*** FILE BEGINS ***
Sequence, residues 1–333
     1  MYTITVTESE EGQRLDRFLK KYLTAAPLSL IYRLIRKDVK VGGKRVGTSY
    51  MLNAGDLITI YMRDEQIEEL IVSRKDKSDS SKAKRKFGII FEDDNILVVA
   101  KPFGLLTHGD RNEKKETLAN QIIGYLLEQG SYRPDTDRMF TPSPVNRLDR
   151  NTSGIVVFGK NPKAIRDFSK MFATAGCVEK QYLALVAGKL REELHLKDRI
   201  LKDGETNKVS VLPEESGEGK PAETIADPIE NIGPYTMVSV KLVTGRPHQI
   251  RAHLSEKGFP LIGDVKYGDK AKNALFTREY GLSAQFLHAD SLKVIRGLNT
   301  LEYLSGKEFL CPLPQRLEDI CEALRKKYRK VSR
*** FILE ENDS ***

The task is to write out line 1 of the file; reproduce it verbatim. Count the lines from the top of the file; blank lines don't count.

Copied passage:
Sequence, residues 1–333